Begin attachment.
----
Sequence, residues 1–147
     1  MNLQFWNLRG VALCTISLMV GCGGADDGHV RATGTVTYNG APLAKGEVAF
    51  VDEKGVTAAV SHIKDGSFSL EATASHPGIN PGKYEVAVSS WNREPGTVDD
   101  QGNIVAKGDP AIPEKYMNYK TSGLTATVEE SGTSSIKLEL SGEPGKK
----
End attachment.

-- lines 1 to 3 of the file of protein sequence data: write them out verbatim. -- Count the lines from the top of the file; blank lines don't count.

Sequence, residues 1–147
     1  MNLQFWNLRG VALCTISLMV GCGGADDGHV RATGTVTYNG APLAKGEVAF
    51  VDEKGVTAAV SHIKDGSFSL EATASHPGIN PGKYEVAVSS WNREPGTVDD